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We are beginning to transition to Windows 7 across the Enterprise, which is nice and change is often a time to revisit some basic tools and short comings.
Our support center currently fields basic calls from users on mailbox issues. Currently they are using the Exchange 2007 Admin tools which after about 6 clicks gets them most of the information they need, usually. It does miss mailbox size limits as generally that is set on a store level and on the account screen says merely 'default' and we have different sizes depending on job function.
We also run into the occasional issue of multiple accounts found based on our naming policy those then have to be filtered out based on looking closer at account infomration. I hacked together this quick function to provide basic information with one command and no need for the GUI.
Here's the output
PS:\> Check-MailBox jdoe Display Name: John Doe Mailbox Server: mailserver01 Issue Warning: 219 MB Prohibit Send: 244 MB Storage Limit Status: BelowLimit Current Mailbox Size: 220 MB
A friend had a semi-regular request for the members of a long list of distribution groups (70-80). I hacked together something that dumped everthing to a big text file which he then had to convert to an Excel spreadsheet. Not an optimal solution for automation. I thought this was an excellent time to learn how to put data in Excel.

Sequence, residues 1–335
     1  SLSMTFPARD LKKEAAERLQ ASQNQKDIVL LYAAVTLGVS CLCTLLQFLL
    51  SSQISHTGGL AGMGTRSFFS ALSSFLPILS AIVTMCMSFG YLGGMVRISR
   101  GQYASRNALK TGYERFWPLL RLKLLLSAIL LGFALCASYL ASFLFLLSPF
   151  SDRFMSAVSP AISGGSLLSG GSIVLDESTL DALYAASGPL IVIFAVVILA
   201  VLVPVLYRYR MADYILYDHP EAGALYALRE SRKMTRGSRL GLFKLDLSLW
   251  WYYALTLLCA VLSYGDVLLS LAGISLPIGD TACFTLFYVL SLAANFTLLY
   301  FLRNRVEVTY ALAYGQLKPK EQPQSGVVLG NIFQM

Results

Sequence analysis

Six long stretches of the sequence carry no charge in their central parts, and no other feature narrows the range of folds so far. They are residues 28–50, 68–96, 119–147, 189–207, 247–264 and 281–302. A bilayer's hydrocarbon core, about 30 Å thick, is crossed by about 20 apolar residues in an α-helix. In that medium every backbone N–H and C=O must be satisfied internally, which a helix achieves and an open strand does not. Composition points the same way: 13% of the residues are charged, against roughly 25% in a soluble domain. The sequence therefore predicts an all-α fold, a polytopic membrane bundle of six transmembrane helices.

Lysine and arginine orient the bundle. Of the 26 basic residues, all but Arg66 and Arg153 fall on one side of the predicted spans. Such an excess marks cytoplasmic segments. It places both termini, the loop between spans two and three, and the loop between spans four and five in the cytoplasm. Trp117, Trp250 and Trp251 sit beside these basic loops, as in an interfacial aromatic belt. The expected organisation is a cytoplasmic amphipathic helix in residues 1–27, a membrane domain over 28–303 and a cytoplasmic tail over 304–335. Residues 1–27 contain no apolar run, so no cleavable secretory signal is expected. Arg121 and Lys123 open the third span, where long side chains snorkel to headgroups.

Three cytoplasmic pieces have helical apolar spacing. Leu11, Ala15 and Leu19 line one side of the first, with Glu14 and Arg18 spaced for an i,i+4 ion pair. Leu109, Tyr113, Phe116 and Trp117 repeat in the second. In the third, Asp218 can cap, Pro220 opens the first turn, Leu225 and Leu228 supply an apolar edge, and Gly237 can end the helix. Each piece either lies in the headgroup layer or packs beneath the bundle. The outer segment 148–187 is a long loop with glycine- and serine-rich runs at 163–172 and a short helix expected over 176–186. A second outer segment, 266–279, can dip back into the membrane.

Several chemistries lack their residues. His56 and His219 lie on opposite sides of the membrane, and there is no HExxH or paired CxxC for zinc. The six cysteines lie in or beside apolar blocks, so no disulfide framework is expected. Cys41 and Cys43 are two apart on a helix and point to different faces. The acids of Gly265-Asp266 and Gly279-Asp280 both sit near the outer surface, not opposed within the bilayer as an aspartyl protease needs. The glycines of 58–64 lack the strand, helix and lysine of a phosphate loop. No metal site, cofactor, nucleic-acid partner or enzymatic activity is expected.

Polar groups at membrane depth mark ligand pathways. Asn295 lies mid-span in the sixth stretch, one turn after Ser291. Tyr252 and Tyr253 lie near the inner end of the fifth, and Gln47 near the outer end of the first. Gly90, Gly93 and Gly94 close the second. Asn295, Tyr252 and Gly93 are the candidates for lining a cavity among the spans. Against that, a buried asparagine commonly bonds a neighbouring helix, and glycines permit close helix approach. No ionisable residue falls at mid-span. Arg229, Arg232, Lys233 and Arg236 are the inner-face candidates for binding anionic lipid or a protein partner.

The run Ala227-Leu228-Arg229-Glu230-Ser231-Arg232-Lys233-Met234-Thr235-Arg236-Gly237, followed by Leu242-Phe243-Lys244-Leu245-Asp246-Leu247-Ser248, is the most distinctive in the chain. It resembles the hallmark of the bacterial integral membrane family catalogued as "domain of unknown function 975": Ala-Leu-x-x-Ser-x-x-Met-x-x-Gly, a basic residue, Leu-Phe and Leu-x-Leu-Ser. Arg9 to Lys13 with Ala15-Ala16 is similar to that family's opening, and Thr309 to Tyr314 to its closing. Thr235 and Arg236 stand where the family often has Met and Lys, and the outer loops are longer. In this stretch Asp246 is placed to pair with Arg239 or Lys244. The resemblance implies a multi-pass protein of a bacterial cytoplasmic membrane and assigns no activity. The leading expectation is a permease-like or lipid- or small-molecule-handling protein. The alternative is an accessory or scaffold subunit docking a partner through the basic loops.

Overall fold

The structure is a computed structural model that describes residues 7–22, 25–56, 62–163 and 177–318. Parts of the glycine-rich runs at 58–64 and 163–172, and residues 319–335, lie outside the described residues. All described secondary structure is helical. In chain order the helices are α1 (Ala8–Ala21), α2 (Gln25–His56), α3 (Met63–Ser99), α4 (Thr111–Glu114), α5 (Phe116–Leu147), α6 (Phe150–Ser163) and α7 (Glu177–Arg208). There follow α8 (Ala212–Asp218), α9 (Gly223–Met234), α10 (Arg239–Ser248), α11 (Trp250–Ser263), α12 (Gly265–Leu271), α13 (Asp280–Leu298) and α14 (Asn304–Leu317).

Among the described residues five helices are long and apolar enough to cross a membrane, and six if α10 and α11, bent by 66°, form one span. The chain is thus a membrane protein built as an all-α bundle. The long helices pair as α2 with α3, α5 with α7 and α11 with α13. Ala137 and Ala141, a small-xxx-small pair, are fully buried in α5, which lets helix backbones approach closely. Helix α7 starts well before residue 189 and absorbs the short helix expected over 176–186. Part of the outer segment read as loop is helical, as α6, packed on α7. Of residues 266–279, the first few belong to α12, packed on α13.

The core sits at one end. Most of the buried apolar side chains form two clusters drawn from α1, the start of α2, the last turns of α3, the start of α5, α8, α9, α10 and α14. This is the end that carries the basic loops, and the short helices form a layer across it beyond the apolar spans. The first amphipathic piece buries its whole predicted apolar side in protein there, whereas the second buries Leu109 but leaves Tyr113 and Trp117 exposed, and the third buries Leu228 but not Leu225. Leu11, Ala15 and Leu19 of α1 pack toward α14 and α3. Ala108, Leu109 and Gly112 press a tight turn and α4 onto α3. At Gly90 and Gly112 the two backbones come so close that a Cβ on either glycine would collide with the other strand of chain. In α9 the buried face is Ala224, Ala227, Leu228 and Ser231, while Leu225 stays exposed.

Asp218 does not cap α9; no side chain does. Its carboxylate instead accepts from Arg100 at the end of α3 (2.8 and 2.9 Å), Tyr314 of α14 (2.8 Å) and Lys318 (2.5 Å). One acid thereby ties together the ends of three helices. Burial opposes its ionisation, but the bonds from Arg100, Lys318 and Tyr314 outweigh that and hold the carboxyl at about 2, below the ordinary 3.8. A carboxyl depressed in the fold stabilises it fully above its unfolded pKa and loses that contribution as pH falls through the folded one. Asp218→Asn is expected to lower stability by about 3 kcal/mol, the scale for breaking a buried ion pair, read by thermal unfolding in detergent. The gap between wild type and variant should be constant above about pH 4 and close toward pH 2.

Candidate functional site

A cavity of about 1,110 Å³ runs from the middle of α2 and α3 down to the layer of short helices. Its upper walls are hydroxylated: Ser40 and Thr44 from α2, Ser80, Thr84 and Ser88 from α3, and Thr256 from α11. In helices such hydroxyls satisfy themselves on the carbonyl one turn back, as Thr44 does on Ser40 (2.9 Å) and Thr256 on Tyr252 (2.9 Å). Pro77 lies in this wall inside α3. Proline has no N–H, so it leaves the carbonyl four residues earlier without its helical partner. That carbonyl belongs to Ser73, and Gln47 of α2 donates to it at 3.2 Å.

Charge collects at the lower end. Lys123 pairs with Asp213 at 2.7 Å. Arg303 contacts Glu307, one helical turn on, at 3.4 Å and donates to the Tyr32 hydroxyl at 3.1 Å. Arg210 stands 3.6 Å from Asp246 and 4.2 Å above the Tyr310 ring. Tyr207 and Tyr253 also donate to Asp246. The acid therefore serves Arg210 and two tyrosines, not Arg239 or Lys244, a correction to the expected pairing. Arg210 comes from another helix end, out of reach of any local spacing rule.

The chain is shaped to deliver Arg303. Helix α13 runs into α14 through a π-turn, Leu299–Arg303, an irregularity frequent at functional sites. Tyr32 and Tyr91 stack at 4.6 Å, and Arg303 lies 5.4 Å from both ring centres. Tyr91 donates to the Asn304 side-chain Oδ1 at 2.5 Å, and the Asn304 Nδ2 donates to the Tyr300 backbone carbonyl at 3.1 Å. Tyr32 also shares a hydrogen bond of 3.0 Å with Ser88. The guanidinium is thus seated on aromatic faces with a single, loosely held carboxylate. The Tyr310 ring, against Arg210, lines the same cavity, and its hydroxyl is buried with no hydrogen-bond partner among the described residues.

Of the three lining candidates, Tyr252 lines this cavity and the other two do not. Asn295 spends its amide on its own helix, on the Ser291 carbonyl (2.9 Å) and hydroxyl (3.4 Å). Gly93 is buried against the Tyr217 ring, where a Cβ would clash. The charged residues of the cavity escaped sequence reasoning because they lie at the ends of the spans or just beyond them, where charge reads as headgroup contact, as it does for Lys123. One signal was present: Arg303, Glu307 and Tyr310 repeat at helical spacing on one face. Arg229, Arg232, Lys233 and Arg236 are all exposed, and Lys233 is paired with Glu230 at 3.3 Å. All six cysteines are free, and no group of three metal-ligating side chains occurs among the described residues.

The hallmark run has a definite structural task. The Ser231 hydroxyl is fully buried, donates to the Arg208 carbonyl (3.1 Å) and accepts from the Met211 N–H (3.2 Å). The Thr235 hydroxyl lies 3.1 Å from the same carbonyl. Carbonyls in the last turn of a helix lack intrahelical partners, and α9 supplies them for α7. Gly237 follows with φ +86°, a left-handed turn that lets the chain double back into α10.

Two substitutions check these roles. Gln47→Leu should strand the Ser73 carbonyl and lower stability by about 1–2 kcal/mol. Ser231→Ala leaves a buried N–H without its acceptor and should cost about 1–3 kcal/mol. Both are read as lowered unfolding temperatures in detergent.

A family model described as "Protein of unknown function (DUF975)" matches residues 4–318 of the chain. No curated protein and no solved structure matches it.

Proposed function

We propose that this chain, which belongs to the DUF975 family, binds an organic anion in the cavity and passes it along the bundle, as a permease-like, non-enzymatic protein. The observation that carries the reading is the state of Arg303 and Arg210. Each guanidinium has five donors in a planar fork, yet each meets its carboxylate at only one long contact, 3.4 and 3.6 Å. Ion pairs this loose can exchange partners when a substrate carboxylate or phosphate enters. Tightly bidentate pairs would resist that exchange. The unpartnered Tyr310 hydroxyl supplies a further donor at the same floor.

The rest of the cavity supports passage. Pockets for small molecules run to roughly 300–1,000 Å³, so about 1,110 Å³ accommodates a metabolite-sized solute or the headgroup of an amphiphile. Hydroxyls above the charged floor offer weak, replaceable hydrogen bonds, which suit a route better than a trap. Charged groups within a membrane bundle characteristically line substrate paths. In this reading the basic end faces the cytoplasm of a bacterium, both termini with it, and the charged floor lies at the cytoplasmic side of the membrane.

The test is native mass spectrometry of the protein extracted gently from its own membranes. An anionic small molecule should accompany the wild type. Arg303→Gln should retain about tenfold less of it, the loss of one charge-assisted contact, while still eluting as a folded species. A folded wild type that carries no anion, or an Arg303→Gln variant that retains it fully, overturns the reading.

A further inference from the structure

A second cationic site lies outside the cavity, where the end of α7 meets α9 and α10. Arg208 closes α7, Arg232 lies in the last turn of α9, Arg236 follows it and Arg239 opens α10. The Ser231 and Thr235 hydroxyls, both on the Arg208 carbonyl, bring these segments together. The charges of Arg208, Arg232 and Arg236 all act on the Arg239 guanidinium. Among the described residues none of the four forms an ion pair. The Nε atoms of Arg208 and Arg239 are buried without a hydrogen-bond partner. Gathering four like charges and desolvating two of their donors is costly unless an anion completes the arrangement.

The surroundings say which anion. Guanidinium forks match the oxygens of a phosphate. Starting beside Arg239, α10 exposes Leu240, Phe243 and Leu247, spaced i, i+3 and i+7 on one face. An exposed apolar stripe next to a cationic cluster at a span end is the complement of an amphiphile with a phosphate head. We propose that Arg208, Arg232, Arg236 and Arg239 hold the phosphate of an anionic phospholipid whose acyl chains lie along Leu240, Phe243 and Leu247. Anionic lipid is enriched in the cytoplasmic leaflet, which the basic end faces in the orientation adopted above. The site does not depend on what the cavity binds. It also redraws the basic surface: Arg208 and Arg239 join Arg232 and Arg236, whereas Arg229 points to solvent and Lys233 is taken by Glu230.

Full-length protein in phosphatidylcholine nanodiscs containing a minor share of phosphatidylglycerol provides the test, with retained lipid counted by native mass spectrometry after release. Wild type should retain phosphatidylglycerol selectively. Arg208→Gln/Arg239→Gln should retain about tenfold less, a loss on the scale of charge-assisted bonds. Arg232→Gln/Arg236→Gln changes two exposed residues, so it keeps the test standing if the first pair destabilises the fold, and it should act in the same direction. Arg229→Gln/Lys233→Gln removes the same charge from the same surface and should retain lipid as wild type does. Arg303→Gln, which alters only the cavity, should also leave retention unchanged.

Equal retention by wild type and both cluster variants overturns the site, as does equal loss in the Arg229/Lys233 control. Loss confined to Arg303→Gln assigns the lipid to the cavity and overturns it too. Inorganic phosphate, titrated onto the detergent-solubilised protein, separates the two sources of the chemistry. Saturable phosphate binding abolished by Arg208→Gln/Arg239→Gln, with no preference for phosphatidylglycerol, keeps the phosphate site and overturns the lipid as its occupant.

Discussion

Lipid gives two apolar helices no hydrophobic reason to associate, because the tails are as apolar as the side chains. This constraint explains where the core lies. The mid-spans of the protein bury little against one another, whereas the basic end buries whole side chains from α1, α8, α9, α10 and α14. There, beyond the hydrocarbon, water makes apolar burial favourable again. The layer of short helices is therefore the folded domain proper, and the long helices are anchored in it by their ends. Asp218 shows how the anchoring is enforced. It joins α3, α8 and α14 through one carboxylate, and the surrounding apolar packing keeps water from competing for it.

The script as written takes input from a text file of the group (Distribution lists, but any group would work) but you could change that to a query easily enough.
So, how many of your Exchange 2003 users are using cached mode? This script can pull that information through WMI for current logged on users.
We have been exporting some mailbox information manually and I was sort of tired of doing it that way. I thought I'd try to make it work with PowerShell to automate it and add some consistency. It took some experimentation and here it is.
It saves to a file, ServerName-Date.csv in the directory it's run from. It has Display Name, Storage Group Name, Store Name, Mailbox size (in kb like ESM) and Date Discovered Absent in DS (which is short for when the Active Directory account the mailbox was associated was deleted).
I learned this neat trick with PFDAVAdmin last year. We had a performance issue with our Exchange servers and one thing I learned was that people not in cached mode with high item counts in their folders affected everyone on the servers performance. If you only had one or two, then not so bad, if you had a lot then not so good. You can identify potential people with the ExMon tool and Performance Troubleshooting Analyzer. This is a server side part of an earlier Outlook tips post where you can find the folder item count recommended numbers.
Recently we had an perceived performance issue with our Messaging environment. Ultimately it came down to high DiskIO and a large number of people with high Item Count in top level folders.
This is a collection of tips that can help improve/mitigate MS Outlook’s performance with an Exchange server. Complete Outlook/Exchange performance relies on a lot more.